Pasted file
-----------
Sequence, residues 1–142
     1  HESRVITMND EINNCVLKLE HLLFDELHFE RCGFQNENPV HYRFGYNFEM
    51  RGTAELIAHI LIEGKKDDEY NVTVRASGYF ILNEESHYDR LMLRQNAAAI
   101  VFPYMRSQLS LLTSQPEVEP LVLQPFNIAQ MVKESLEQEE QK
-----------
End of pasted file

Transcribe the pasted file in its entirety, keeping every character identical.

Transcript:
Sequence, residues 1–142
     1  HESRVITMND EINNCVLKLE HLLFDELHFE RCGFQNENPV HYRFGYNFEM
    51  RGTAELIAHI LIEGKKDDEY NVTVRASGYF ILNEESHYDR LMLRQNAAAI
   101  VFPYMRSQLS LLTSQPEVEP LVLQPFNIAQ MVKESLEQEE QK